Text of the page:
Highly effective compound discovered
Swiss TPH researchers, together with partner institutions such as the Nanyang Technological University in Singapore, have now discovered a promising compound against Buruli ulcer. The study, which was published today in the peer-review journal Nature Communications, found that compound Q203 (an imidazopyridine amide) is highly effective against Buruli ulcer, both in vitro and in vivo.
“We were very surprised when we saw this high activity. We had previously screened hundreds of compounds that were originally intended for TB drug development and none of the others showed promising activity against Mycobacterium ulcerans,” said Gerd Pluschke, Head of the Molecular Immunology Unit at Swiss TPH.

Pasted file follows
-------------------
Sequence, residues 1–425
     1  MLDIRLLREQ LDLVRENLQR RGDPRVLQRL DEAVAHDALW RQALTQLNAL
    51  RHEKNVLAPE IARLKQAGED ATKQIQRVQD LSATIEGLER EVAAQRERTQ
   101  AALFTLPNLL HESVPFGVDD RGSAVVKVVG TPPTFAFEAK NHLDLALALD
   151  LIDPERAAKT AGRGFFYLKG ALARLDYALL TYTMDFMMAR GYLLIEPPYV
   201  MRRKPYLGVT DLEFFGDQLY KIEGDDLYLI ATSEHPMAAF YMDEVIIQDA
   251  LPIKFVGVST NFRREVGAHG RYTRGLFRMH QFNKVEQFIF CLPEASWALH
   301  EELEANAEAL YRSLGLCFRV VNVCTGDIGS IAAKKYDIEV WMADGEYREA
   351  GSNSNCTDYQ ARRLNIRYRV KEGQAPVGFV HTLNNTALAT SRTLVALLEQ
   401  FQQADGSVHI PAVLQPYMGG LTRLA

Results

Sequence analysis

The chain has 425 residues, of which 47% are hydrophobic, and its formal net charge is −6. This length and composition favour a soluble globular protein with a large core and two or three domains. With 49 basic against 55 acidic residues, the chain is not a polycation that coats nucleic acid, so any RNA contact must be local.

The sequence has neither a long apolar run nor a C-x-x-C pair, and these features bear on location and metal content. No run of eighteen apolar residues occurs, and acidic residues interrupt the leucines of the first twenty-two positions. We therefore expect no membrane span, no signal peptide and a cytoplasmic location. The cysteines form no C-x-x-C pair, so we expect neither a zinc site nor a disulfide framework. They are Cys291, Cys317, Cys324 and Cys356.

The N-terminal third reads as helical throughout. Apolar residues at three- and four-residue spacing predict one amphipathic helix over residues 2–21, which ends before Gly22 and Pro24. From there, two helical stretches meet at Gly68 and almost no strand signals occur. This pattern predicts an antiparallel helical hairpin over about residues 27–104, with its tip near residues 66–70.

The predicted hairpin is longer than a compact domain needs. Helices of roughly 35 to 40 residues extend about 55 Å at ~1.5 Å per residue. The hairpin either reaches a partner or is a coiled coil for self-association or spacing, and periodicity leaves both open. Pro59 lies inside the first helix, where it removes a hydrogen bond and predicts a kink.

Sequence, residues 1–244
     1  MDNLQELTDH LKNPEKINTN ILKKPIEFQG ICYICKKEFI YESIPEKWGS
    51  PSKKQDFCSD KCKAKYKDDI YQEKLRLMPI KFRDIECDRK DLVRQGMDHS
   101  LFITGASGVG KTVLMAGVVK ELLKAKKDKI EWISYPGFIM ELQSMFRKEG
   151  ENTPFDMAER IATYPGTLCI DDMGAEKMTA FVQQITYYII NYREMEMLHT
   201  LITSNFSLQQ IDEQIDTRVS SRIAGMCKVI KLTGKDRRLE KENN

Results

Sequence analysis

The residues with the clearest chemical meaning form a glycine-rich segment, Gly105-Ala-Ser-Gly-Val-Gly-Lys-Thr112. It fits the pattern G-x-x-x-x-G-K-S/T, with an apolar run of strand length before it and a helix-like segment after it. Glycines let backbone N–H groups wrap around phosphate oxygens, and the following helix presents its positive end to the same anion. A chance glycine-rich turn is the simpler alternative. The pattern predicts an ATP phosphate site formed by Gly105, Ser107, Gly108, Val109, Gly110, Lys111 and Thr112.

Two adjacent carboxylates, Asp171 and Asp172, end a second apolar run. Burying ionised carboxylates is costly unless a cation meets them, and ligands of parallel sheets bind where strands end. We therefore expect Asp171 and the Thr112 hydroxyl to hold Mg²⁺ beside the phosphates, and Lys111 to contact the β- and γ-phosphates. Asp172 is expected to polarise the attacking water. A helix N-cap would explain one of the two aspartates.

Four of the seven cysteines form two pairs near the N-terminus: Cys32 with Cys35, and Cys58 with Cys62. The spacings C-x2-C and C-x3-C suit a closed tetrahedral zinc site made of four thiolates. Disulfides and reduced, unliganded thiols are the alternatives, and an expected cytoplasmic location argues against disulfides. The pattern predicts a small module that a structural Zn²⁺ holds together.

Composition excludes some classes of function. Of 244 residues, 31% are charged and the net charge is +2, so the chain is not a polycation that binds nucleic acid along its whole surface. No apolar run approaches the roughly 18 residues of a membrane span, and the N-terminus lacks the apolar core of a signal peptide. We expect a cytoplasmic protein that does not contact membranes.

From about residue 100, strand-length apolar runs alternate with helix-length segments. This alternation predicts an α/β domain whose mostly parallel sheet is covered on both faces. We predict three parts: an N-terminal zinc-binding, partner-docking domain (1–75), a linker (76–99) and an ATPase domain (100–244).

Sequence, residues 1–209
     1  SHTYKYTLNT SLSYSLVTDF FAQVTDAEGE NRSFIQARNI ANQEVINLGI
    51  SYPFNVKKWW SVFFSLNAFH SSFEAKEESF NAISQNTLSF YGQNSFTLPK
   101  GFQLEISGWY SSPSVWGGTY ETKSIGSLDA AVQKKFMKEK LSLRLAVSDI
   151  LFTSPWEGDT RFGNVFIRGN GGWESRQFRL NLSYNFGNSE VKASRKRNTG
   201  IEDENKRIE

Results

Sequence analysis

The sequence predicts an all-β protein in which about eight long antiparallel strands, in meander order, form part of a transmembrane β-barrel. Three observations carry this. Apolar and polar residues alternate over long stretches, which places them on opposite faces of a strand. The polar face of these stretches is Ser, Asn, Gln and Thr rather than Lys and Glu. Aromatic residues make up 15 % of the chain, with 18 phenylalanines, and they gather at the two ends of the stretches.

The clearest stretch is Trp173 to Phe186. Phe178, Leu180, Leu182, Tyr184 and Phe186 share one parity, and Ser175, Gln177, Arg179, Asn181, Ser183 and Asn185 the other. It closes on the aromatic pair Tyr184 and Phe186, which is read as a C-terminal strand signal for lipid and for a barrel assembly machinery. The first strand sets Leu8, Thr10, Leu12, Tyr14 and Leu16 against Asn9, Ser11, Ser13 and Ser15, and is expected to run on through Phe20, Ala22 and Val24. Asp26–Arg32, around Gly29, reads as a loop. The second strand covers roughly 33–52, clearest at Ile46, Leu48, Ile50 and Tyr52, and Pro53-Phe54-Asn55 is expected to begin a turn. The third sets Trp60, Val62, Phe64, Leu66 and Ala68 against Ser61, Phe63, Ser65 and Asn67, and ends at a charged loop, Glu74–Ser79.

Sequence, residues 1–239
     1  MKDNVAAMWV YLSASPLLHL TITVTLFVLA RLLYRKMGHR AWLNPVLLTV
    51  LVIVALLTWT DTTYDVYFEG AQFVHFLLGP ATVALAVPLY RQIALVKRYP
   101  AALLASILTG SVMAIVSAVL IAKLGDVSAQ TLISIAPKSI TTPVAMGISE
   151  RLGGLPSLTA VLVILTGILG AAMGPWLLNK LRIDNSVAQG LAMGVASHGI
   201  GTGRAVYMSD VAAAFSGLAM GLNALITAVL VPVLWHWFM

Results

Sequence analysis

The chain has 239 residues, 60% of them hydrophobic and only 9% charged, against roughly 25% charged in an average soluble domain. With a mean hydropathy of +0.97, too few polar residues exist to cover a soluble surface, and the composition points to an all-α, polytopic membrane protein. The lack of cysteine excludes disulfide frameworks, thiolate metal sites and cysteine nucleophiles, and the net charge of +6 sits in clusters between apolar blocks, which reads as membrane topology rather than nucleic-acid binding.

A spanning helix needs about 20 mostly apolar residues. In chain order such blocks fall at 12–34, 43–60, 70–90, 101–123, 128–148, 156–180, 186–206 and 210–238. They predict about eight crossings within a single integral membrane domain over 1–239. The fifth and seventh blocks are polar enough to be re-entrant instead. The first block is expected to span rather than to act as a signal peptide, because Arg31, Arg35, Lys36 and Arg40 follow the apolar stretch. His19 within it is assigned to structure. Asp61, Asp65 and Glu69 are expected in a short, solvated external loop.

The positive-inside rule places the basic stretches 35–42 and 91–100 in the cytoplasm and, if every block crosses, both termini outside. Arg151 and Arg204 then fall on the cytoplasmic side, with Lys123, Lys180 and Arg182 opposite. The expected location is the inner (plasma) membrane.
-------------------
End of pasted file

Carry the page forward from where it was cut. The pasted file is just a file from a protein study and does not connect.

“Q203, however, is even more effective against Buruli ulcer than the current most active antibiotic rifampicin. Such a new and exquisitely effective drug combined with a second antibiotic may result in a considerably shorter oral treatment regimen with fewer adverse side effects.”
Another advantage of Q203 is that its safety has already been tested in a phase I clinical trial for TB. “That means that as soon as funding can be secured, we will directly test the new compound in Buruli ulcer patients in a phase II trial,” said Pluschke.
Important knowledge on the bacterium established
Comparison of the M. ulcerans genome with other mycobacterial genomes provided an explanation for why this bacterium is so sensitive to Q203. The bacterium seems to be on the way to develop from an environmental organism to a specialised pathogen, which is adapting to live in a more stable environment.